Decor @ Villa Empain

Boghossian Foundation – Villa Empain

Villa Empain

Away from the center of Brussels you can find this magnificent building, located on the grand avenue Franklin Roosevelt in Ixelles. Villa Empain was designed by the architect Michel Polak and was built in 1930. Even though it always looks sumptuous, these last months it looks even more stunning. The Boghossian Foundation currently presents an exhibition about the decorative in modern and contemporary art. For this occasion the French artist Daniel Buren decorated the windows with his familiar patterns in the primary colors green, red, yellow and blue. It creates a playground of colors, not only on the outside but also inside the building, as you will see further on.

The exhibition, called Decor, opened up for the public in September 2016. Due to the unexpected success they announced the extension until 2 April 2017. It will also be open during Museum Night Fever this month.

If you haven’t seen it yet I hope this blog post can convince you to pay a visit before it closes.

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Dialogue with light


‘Twisted Strings’ by Walter Leblanc, 1960


This exhibition in the Museum of Ixelles mainly focuses on the art work of two Belgian artists: Jef Verheyen & Walter Leblanc. To understand what their work is about, we need to know something about the Zero art movement that they were involved in.

During this art movement (1958 – 1968) a group of European artists wanted to reinvent painting from scratch. The name Zero does not refer to a total absence of meaning. It was more like a return to nature or a return to the beginning, inspired by Minimal art. The artists played with the concept of light and shadow. The colors were very basic and monochrome.  Influenced by Arte Povera and Kinetic Art, the artists used everyday materials to create a sense of movement.

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Andres Serrano ‘Meet the artist’

SAMSUNG CAMERA PICTURESPiss Christ (Immersions), 1987 

Hello! A few years ago I saw a documentary about the use of crucifixes in art. They talked about a work of art called ‘Piss Christ‘ from the American artist Andres Serrano. A lot of people were very angry because they thought Piss Christ was an insult to Christianity, so the picture was vandalized. I didn’t really know what to think of it, but it was certainly an image that stayed in my head. When I saw a poster of a new exhibition in the Royal Museums of Fine Arts of Belgium, I knew I had to see it! A retrospective about the work of Andres Serrano opened this week and it seems to attract a lot of people. I participated in a ‘Meet the artist’ event with a group of people. We had a guided tour by the artist himself, and I must say he’s a very nice person! Are you ready to meet him?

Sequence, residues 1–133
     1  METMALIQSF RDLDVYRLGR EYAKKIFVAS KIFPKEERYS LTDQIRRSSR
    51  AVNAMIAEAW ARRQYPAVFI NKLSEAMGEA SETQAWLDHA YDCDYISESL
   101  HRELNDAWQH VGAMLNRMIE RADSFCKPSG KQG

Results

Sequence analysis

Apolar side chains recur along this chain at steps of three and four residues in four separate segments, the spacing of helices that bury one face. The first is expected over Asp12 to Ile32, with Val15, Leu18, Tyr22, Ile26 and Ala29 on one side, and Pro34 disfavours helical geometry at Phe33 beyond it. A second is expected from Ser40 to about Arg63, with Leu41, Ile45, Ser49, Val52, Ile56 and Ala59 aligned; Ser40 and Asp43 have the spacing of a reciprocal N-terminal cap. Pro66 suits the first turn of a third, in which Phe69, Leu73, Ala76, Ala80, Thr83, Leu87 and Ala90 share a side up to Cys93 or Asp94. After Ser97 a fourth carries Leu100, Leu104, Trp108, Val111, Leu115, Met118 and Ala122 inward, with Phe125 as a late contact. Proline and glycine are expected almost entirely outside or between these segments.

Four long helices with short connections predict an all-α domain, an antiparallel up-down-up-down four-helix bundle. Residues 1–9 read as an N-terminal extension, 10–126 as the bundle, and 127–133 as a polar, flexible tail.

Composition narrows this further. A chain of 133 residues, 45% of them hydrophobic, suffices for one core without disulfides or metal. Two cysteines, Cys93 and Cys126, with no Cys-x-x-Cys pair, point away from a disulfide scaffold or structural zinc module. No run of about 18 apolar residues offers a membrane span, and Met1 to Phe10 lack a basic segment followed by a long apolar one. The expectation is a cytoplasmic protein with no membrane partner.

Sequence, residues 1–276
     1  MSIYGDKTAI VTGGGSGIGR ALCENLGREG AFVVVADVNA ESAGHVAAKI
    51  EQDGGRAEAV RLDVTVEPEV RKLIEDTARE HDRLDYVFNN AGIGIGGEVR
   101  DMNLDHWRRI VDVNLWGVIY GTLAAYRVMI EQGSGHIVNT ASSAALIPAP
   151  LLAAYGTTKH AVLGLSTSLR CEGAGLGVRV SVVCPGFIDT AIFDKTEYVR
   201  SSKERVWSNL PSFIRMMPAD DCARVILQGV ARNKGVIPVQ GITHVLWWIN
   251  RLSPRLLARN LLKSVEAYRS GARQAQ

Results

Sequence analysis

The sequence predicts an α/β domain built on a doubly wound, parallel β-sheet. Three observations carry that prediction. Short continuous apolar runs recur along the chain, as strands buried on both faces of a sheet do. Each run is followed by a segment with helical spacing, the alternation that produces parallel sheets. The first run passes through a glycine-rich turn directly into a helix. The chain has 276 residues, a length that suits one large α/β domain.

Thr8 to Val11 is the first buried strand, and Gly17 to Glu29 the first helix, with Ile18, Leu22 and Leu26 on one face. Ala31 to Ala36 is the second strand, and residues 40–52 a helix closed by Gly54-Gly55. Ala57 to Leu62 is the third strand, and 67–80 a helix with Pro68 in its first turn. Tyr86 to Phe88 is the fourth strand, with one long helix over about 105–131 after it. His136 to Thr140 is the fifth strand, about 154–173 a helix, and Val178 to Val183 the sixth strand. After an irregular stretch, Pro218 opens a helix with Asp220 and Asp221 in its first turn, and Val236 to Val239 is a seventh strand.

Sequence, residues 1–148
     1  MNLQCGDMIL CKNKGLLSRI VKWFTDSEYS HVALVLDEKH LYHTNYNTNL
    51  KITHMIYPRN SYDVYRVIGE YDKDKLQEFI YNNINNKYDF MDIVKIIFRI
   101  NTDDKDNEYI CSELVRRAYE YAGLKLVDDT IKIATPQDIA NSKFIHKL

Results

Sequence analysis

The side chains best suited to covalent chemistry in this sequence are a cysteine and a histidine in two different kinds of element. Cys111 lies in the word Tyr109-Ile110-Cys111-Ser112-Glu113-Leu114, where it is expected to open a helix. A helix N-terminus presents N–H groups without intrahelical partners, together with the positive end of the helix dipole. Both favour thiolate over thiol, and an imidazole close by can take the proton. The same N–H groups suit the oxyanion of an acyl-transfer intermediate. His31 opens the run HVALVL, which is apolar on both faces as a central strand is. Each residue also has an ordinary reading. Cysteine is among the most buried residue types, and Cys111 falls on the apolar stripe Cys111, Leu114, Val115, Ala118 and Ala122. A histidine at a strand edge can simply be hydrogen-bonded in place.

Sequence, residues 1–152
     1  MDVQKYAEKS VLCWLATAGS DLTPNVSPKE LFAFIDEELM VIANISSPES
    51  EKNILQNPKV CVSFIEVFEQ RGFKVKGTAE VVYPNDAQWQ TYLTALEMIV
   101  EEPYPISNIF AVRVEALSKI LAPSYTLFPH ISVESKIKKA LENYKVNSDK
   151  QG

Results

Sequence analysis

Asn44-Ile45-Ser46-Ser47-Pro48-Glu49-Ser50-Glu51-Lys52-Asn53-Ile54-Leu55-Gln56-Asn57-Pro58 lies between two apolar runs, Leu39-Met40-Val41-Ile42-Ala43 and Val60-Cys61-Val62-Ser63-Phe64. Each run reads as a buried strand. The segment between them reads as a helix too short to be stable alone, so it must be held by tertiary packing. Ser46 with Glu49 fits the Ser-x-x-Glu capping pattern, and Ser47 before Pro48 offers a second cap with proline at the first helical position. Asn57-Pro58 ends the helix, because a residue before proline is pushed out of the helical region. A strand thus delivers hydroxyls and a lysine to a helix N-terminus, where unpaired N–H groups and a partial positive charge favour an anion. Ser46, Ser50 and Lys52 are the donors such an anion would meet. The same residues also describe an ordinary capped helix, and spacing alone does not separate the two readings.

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Akram Haissoufi : Après les murs


Hello! I was thinking of going to the BRAFA art fair this weekend, but when I saw the entrance fee on their website, I thought it was better to go for plan B. I asked myself ‘how can I see great art in Brussels for free?’ You would be surprised of the possibilities! I decided to go see the exhibition of Akram Haissoufi at Espace Magh, rue du Poinçon 17 (close to Central station). 


I assume Akram Haissoufi is a relatively unknown artist, because there is not much information about him online. All I can tell you so far is that he’s a visual artist and film maker from Morocco. The expo ‘Après les murs’ tells the story of people who leave their country to get a better life in another country. It’s about crossing borders and bumping into walls (both real and metaphorical). Being able to leave your country is a human right written in the Universal Declaration of Human Rights. It’s not easy to get across the borders and people are often labeled as ‘illegal‘. The artist also refers to the fact that the new country is probably very different from what they had imagined.  He represents their mental journey during this process. Today thousands of refugees are crossing boarders in search for a better life, so with that in mind I took a look at the paintings.

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Vanhaerents Art Collection – part I


What a discovery! I’m really happy to tell you about the Vanhaerents Art Collection. I visited the exhibition ‘Man in the Mirror‘ during the Heritage Days in September 2015. There is so much I would like to tell you about this expo that it’s not even possible to put in one blogpost.  So here is part I.  

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Wang Du @ Albert Baronian Gallery


Albert Baronian, a Brussels gallery, is currently presenting an exhibition from the Chinese artist WANG DU, called ‘REALITE ALTEREE’.  I saw an artwork of Wang Du earlier this year in Mons during a group expo called La Chine Ardente (see my review here). If you are planning to visit Mons, you should go take a look, it’s really worth it!

But back to the gallery in Brussels now. Wang Du’s work is a critical reflection on the influence of media on our daily life and the power it has to manipulate our minds. He makes sculptures of images he finds in newspapers and magazines.  The images are often about really common events that doesn’t seem important. Because some of his sculptures are really big, these banal things become something special, almost like monuments. His work is often provocative. He got his interest in mass manipulation from his home country China, where he has been in prison for several months because of his critical art. Nowadays he lives in Paris en he also focusses on the relationship between human beings and objects.

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